cofounders credit where due, but without Rachel Lynn DeSpain, the University
might never have begun
made her mark
By Carmen Goldthwaite '66 (MEd '72)
widow Rachel Lynn DeSpain climbed from the buckboard at Pecan Point and
set her first footprint on Mexican Texas soil in January of 1836.
The mother of nine carried her grief in
silence "to the Lord." She had buried a daughter beside the trail, victim
of snakebite. Anticipation of joining her sister and another daughter
and son kept her headed west.
Another son -- the namesake of Rachel's father,
Benjamin Linn, a Revolutionary War scout, Indian fighter and longbow-hunter
turned preacher -- led the 156-member wagon train. Davy Crockett had pointed
them west from Alabama, but left early, fearful he would miss the fight
brewing between Texas and Mexico. Crockett was impatient with this "church
on horseback," a community of Christians descended from French Huguenots.
They did not travel on the Sabbath. Benjamin
Linn DeSpain, a preacher like his grandfather, practiced what Rachel had
instilled. They worshipped God on Sundays. Shaking dust from her apron,
Rachel suggested they "celebrate the Lord."
An oak stump draped with a buffalo hide
served for a pulpit. Setting up the large white tents, their homes for
winter, could wait. Hunters supplied game, and Rachel supervised meals
at the communal fire. After supper she would sit on a barrel, tap her
feet and clap to "happy tunes that make me feel good." Her warm, ringing
laughter thawed Texas' wet and bitter winter.
By March though, a chill pervaded. A rider
brought word of her son Randolph's death at the massacre at Goliad. By
late spring when lush green prairie grass along the Jonesborough bluff
rose "saddle skirt" high, the Texians had won at San Jacinto. Rachel buried
her grief. Her family turned south. Near Nacogdoches, she and her youngest,
Hettie, 12, moved into a log house.
The Republic of Texas granted Rachel her
headright, 1280 acres, in 1838. She made her "mark" on the deed with an
"X" because, she said, "Us girls didn't go to school; boys did during
winter. Our chores, cooking, cleaning, spinning went on all year."
She would be the last woman in the DeSpain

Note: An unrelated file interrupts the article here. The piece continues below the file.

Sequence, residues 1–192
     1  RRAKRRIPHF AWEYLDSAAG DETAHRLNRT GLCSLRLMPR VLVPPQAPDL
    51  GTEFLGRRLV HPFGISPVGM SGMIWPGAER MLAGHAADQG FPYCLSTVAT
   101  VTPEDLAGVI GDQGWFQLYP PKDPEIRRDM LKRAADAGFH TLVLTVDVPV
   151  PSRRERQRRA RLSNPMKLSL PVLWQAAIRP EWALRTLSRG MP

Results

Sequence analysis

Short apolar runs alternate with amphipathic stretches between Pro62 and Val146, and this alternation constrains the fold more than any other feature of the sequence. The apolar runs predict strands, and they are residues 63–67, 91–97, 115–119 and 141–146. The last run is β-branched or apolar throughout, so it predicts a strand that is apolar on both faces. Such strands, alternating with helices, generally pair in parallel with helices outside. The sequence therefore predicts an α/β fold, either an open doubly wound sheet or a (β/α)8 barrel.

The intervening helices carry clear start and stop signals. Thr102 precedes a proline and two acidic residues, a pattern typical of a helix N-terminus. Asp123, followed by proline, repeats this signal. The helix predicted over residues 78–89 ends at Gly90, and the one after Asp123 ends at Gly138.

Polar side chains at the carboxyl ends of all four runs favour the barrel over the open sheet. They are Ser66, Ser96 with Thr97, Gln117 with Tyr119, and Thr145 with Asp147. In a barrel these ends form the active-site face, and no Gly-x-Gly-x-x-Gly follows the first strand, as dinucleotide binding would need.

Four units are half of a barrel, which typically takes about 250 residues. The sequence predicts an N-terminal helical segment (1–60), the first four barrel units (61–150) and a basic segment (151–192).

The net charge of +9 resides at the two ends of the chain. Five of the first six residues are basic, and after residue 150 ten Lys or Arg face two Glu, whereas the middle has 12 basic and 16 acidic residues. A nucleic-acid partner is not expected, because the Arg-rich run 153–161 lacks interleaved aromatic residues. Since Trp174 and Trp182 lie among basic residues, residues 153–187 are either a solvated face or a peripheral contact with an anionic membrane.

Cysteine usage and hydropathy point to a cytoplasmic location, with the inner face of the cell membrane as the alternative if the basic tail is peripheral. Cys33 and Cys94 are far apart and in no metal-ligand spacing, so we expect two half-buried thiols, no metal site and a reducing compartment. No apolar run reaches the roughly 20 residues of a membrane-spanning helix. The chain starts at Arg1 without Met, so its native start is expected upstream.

family left out of schooling. "We raise the little onesÉwe need to teach
them right," she said, and that meant reading, writing, ciphering, understanding
the "Lord's word so we know how to conduct our lives."
Candles in the window, lanterns glowing,
pine smoke curling from the chimney and a well-laden table beckoned family,
friends and sojourners, especially circuit-riding preachers. After dinner,
Hettie played the piano and sang while Rachel rocked in rhythm with the
One day, a traveler on his way east stopped
in. He acquired office space and a room from Rachel and enjoyed her hospitality.
But it was Hettie's beauty, music and challenging mind that altered Joseph
Addison Clark's plans. He and Esther "Hettie" DeSpain married in 1842.
Enchanted by the good nature and laughter
in Rachel's home, his skeptic's view of religion was challenged by Rachel's
practices of kindness and acceptance. Joe Clark studied and was baptized,
attracted to the faith by his mother-in-law, her home a center for this
band of Christians.
When he and Hettie moved on, Rachel moved
with them. Over the years, she gathered more land. She received 960 acres,
Randolph's "bounty" for serving the Republic of Texas, and when a "good
deal" was offered, she sold and bought more, making her "mark" once more.
By the time Texas was a state, she owned parcels in Grayson, Fannin and
Hopkins counties. Impressed with Joe Clark and his "newspapering,"
Rachel loved and respected him. She wanted
Hettie to "keep up," so she tended their toddlers, Addison and Randolph,
while Hettie went east to seminary. Coming home the next year, Hettie
advertised in the newspaper as a "femme seule" (a woman declaring herself
legally responsible for her business matters), bought a piano and began
a seminary for girls in Palestine.
Years later, Randolph wrote of his family:
"blessed with a mother and a grandmotherÉ Esther and Rachel, and the unfeigned
faith that dwelt in themÉlearned that God is an ever-loving FatherÉthe
world and all things, even the commonplaceÉbelong to HimÉpeople must be
about the Father's work."
Horse trader, homemaker, independent woman
of strong and joyful faith, shy on education but not of common sense,
Rachel and her footprints led from the Red River to the Sabine and Trinity
rivers. Her legacy included love, joy, faith, a zeal for education and
land that would be brokered to begin a coed school in 1873.
Rachel did not live to hold her great grandson,
AddRan Clark, for whom TCU was first named -- AddRan Male and Female College.
Rachel's spunk fell to numerous DeSpains who pioneered, "preached and
All of the women descended from Rachel
have been educated well, although I am the first of the DeSpain line -- a
great, great, great granddaughter -- to attend TCU.
Carmen Goldthwaite is a Fort Worth freelance
writer. Her essay about Rachel Lynn DeSpain, she said, comes from "a
wealth of family stories from a strong oral tradition, diaries, family
Bibles and letters." Additionial
sources include: genealogical tracts of the DeSpain Log, Reminiscences
of Randolph Clark; Thank God We Made It, by Joseph L. Clark; Colby D.
Hall's A Fruitful Huguenot Strain through the DeSpain Family; Albert B.
Shankland's Benjamin Linn, Indian Fighter-Hunter-Scout-Preacher; H.L.
Waldrop's Wagons and Wit; Anglo-American Activities in Northeast Texas,
1803-1845 by Rex Strickland; Heroes of the Saddlebags by Jesse G. Smith;
land records from the original Red River County and Nacogdoches County
courthouses, military records and state archives.